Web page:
A wonderful description of David Lynch in The Shape of Things to Come: Prophecy and the American Voice by Greil Marcus—notable in particular for the reference to Natty Bumppo, invoked by Leslie Fiedler to describe the sort mythical figure that arises in the Westward direction:
…for thirty years Lynch has been as much a frontiersman as Natty Bumppo or Davy Crockett: an extremist, autonomous filmmaker who has been both a subject and an audience, and who, working in Los Angeles, has been neither worn down by Hollywood nor marginalized by it. Wearing his shirts buttoned to the neck without a tie, he posits a moral and social wilderness and plunges into it; the rest of the country may turn away or pretend it doesn’t notice, but Lynch’s bet is that the rest of the country is already there, ahead of him. “Neat”, he might say. “Nifty”.
Lynch’s great subject is instability and displacement: what happens when the ground disappears from beneath your feet, when you find yourself in the wrong place at the wrong time. “I like the nowhere part of America”, he has said, but in his films nowhere is where you find it, or make it. Lynch was born in 1946 in Montana, the least populated and least governed state in the U.S.A.; his family moved to Idaho when he was two months old, but Montana remains his touchstone. When anyone asks him where he’s from, Montana is what he says. For Lynch the state stands in for an original America, where you can do what you want and no one can tell you different. Lynch admired Ronald Reagan as an Old West anarchist, a libertarian cowboy, the kind of man who’d do what a man’s gotta do, like the hero of Owen Wister’s 1902 novel The Virginian, the source of so many Western shoot-outs and stone faces…
Lynch was a guest at the White House during Reagan’s presidency; stories have circulated about his ties to operatives on the far right. “It would be beautiful to have a great leader who inspires people from the top down”, Lynch told journalist Kristine McKenna in 1992. “Not some goody-goody guy either”. For many years he has supported the Natural Law Party, a creation of the Maharishi Mahesh Yogi, onetime guru to George Harrison, Paul McCartney, and John Lennon, which advocates the precepts of Transcendental Meditation as the solution to all problems (“One change of attitude, Lynch has said, “would change everything”)….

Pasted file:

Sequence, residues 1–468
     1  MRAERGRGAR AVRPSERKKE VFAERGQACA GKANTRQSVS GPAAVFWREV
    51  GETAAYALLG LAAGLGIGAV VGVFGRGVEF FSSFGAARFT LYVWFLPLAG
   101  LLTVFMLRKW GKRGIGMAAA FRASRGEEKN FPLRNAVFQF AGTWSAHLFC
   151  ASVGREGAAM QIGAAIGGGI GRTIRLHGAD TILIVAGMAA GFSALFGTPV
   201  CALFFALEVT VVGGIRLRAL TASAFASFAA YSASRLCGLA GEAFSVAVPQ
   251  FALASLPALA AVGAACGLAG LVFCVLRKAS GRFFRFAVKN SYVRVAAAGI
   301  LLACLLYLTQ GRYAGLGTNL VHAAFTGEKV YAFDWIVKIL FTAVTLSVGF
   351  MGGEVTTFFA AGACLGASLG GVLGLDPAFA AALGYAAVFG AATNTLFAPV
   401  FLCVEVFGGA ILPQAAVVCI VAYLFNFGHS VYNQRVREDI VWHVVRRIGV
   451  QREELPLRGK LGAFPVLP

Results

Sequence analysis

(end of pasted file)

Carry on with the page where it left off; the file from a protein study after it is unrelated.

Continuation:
Lynch’s politics, such as they may be, seem to have to do with his movies, unless it’s politics as Sinclair Lewis defined it for Buzz Windrip: not FDR’s “integrity and reason”, addressing questions of “monetary systems and taxation rates”, but a leader communicating the sensations of “baptism by immersion in the creek, young love under the elms, straight whiskey, angelic orchestras heard soaring down from the full moon, fear of death when an automobile teeters above a canyon”. “I don’t know what I want to say to people”, Lynch said in 1986. “I get ideas and I put them on film because they thrill me”. There is no sense that as an artistic he tells his characters what to do, or that they would hold still if he did. “I used to think that the president of the United States had some sort of control over what happened over my neighborhood but now I know that isn’t true”, he said to McKenna. “We’re in a time when you can picture these really tall, evil things running at night, just racing. The more freedom you give them, the more they come out and just race, and they’re running in every direction now”. At their strongest his characters are those creatures, in flight both from the country and from themselves, they never escape, but the noise churned up by the suspense they generate is deafening. “It’s like being locked in a building with ten maniacs. You know there’s a door somewhere and there’s a police station across the street where they’ll take care of you, but you’re still in the building. It doesn’t matter what you know about the other places if you’re still stuck in the building”.
Lynch grew up in Boise, Idaho, the factory town of Spokane, Washington, the college town of Durham, North Carolina, and in Alexandria, Virginia. He started out as a painter, which he still is; he began working in film at the Pennsylvania Academy of Fine Arts in Philadelphia in 1965. By 1970 he was in Los Angeles, with a grant from the American Film Institute. Places send messages, Lynch says, but you can find the country he mapped anywhere. “I want to make films that occur in America”, he told the documentary filmmaker Chris Rodley, “but that take people to worlds where they may never go; into the very depths of their being”. This is pure art speech; Lynch’s movies rarely speak the language. Despite behind-the-veil-of-illusion effects that go back to 1930s radio plays—”Who knows what evil lurks in the hearts of men? The Shadow knows!” shock-horror of an unreadable boogeyman face, characters replaced by doubles or characters of who double themselves, the camera eye disappearing into holes where all the secrets are, holes in the ground or holes in a head—often what is most alive in Lynch’s films, what’s most compelling, the scene or the image you can never get out of your mind, is right there on the surface.